The resultant speaker was the Marshall Vintage which coupled Celestion’s “H” magnet — the closest in performance to the alnico — with the new voice coil, delivering the higher power handling required (70-watt), but still with the vintage musicality of a new-old-stock speakers that might be rated much lower.
Originally targeted for use with Marshall’s Studio 15 amp, the speaker found its way into all manner of stacks and combo amps after a grace period of Marshall exclusivity, it became a Celestion standard produce and was renamed the Vintage 30 (and given a slightly lower, 60-watt power rating). Players who have embraced its tone include Peter Frampton, Slash, Steve Morse, and Steve Vai.
With a frequency response of 70 to 5,000 Hz and 100dB sensitivity, the Vintage 30’s rich bass, singing midrange, and precise treble make it Celestion’s most revealing speaker in the eyes (and ears) of many users. It is ideal for capturing the tonal complexities of which hand-wired boutique amps are capable; likewise, for serving up a lovely 3D crunch in two- or four-speaker setups. This has made the Vintage 30 one of the most popular Celestion loudspeakers, with sales to date exceeding 1.5 million units.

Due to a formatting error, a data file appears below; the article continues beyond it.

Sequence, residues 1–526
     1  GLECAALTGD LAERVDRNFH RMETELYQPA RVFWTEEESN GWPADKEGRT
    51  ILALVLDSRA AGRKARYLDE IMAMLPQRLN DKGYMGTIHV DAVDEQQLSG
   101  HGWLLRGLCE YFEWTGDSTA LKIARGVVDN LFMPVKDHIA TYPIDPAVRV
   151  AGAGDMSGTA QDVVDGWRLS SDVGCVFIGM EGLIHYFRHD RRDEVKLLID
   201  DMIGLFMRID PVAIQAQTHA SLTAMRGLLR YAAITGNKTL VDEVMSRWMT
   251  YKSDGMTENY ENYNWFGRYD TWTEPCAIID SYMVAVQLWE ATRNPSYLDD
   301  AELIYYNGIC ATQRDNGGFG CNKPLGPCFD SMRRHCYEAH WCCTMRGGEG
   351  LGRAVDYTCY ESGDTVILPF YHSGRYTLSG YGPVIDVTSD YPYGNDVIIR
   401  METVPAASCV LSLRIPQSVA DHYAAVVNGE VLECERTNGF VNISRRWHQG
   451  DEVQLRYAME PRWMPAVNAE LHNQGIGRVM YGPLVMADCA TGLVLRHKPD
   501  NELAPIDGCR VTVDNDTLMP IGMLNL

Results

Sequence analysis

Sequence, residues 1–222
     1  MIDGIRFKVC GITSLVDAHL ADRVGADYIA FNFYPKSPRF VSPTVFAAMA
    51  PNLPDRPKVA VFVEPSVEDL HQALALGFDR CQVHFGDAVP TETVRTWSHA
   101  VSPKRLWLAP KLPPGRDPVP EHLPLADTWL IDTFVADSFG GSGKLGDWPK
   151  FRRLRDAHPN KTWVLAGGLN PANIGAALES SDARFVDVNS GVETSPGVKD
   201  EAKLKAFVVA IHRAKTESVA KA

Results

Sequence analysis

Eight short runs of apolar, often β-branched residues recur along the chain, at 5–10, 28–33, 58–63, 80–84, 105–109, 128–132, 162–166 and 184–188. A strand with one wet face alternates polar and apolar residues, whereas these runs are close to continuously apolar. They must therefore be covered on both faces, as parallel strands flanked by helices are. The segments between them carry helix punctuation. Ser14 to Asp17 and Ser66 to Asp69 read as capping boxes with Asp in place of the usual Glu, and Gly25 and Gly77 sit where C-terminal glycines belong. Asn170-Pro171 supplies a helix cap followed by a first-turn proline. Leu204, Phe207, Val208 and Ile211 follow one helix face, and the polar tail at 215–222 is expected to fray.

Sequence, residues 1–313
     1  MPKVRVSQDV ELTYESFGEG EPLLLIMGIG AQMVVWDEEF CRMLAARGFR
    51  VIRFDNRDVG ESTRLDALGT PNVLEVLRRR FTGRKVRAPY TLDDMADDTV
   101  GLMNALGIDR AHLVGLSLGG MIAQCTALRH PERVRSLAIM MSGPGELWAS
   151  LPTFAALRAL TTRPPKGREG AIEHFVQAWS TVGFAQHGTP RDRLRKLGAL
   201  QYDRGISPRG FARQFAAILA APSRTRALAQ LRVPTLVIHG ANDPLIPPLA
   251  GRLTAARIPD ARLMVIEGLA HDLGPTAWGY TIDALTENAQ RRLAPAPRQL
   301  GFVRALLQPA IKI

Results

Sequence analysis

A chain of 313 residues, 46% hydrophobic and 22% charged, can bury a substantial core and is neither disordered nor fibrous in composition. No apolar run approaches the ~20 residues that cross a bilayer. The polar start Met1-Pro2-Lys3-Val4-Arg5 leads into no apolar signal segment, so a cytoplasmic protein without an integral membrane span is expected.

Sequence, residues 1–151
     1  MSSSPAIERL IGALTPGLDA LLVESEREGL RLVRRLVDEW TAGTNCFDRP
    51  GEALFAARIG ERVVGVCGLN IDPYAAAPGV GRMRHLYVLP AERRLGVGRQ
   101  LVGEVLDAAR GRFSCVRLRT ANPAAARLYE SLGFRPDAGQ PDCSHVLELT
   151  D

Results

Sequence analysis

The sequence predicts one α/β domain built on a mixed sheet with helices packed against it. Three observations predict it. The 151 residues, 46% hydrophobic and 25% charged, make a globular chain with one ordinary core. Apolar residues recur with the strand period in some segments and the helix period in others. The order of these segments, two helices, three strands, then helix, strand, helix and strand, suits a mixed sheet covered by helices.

Legacy Meets Innovation
Celestion will exhibit these three icons and more in Booth 6602 at the 2023 NAMM show, held April 13 through 15 at the Anaheim Convention Center in Anaheim, California.
“Celestion are obviously proud of all our products,” says Nigel Wood, Managing Director at Celestion. “But the iconic Celestion Blue, Greenback, and Vintage 30 are the ones most often used as the benchmark for Celestion tone and for guitar tone in general. This is why we wanted to focus this year’s NAMM exhibit on giving them the place in history they deserve.”
About Celestion and Celestion Guitar Speakers
An important element to essential British guitar tone since the birth of Rock & Roll, Celestion Guitar Speakers are famous for their lively and vocal midrange character with plenty of sparkle and chime. With worldwide headquarters in Ipswich, England, Celestion design, develop and manufacture premium guitar and bass loudspeakers, and high-quality professional audio drivers for sound reinforcement. These world-renowned speakers are used onstage and in clubs, theatres, and other venues the world over. Since 2017, Celestion Digital has offered the tones of the company’s legendary guitar and bass speakers as downloadable impulse responses that work with most modern guitar effects processors and amp-top load boxes. Contact Celestion at [email protected] and visit us on Facebook at www.facebook.com/celestion.